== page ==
The fair disclosure regulation that the SEC approved Aug. 10 is causing widespread concern among mutual fund portfolio managers and analysts that it will stop the flow of corporate information needed to effectively run funds, executives said.
The new rule could have a "chilling" effect on the flow of information that funds need from securities issuers, said John Collins, a spokesperson from the Investment Company Institute of Washington. Issuers are likely to have lawyers thoroughly screen all information before releasing it - or not release it at all, Collins said.
There is nothing the industry can do to overturn this rule, now that it has been passed, Collins added.
However, the ICI has asked the SEC to clarify what it deems "material" information and provide examples of the type of non-material information that can be disclosed to select parties, Collins said.
The Association for Investment Management and Research of Charlottesville, Va., on the other hand, plans to contest the new rule in its entirety, said Michael Caccese, senior vice president and general counsel at AIMR.
The issue of "materiality,' one of the most amorphous concepts in the securities laws [is ICI's] single greatest concern" with the new rule, the ICI told the SEC in one of 6,000 comment letters investment companies and the general public sent to the SEC about the new rule.
The SEC thus far has only released a fact sheet that refers to material information briefly, as information that could affect stock prices, such as earnings, sales figures, and new product information. Further details on material information will be included in the full document, which will be published in the Federal Register shortly, said John Heine, a spokesman for the SEC. The rule will take effect 60 days after it is published, Heine said.
The new rule, Regulation FD, for fair disclosure, is designed to prevent issuers from providing nonpublic, material information to securities analysts or institutional investors before that information becomes available to the general public.
It requires firms to release market-moving information in one of three ways: in a press release, in a webcast or in SEC filings.
The rule is intended to "bring all investors, regardless of the size of their holdings, into the information loop - exactly where they belong," said Arthur Levitt, chairman of the SEC.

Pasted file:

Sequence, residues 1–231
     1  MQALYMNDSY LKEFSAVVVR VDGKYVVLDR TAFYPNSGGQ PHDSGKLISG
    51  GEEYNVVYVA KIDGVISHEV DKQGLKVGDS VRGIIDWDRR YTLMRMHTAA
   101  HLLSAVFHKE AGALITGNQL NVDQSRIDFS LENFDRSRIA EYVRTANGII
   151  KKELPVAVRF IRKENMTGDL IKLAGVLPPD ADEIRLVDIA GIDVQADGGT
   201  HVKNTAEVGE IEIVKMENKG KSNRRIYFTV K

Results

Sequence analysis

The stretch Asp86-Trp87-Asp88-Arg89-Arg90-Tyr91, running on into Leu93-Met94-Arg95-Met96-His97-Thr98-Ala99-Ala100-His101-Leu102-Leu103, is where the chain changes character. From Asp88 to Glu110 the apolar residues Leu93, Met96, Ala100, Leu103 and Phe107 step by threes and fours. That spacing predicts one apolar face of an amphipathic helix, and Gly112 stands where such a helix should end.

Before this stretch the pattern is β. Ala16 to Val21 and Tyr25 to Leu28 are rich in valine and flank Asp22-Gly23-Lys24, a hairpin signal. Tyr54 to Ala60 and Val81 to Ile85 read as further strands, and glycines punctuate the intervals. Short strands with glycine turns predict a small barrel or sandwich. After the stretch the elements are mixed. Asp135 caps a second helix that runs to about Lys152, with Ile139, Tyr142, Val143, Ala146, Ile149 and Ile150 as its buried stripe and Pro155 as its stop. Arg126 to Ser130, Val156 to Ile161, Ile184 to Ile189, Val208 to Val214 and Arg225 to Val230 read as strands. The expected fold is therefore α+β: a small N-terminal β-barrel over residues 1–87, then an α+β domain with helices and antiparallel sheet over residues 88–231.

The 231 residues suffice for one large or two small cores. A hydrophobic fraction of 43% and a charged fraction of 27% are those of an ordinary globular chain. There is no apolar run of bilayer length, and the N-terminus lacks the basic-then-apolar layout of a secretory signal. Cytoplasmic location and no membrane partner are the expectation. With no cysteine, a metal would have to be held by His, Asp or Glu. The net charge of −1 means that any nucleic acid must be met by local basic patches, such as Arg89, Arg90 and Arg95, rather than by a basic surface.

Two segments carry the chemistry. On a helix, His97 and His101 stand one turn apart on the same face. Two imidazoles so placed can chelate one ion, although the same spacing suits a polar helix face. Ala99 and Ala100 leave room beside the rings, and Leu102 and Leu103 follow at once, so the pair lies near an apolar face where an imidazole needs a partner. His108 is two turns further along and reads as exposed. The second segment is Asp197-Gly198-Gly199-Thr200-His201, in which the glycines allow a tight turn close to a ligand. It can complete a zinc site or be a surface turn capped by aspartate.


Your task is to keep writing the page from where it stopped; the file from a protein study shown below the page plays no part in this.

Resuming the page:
Janus of Denver told the SEC in its comment letter it was "concerned that the proposed rule will have the effect of foreclosing altogether appropriate communications by issuers with securities analysts and investors, thus degrading the quantity, quality and timeliness of information available to Janus and other market participants."
Janus stressed how it takes a bottom-up, research-oriented approach to investing. Regulation FD will seriously impede this approach, Janus said.
Fidelity Investments of Boston expressed similar concerns. "Rather than promoting more timely, and broader, disclosure, the rule is likely to have precisely the opposite effect. [It] offers no safe harbor for issuers, no precision on what may or may not be said to any investor or shareholder in the absence of a contemporaneous press release or webcast, and no incentive for issuers' management to stray from prepared scripts in one-on-one discussions with investment managers," Fidelity told the SEC.
AIMR shares these and additional concerns over how Regulation FD will impact the mutual fund industry
Besides affecting equity mutual fund analysts and portfolio managers in general, Regulation FD will particularly thwart fixed-income and money market mutual fund mangers, Caccese said. These funds need to do credit research on short-term debt, and Regulation FD will make amassing this information difficult, Caccese said.
"The SEC requires the boards of fixed-income and money market funds to make sure that the paper they hold has minimal credit risk. Managers of these funds are now afraid they will not get the information they want," Caccese said.
However, some industry observers do not believe the new regulation will seriously stem the flow of corporate information.
"The regulation will provide a chilling effect for a short while, until corporations see how far the information envelope goes," said Burton Greenwald, president of B.J. Greenwald Associates of Philadelphia.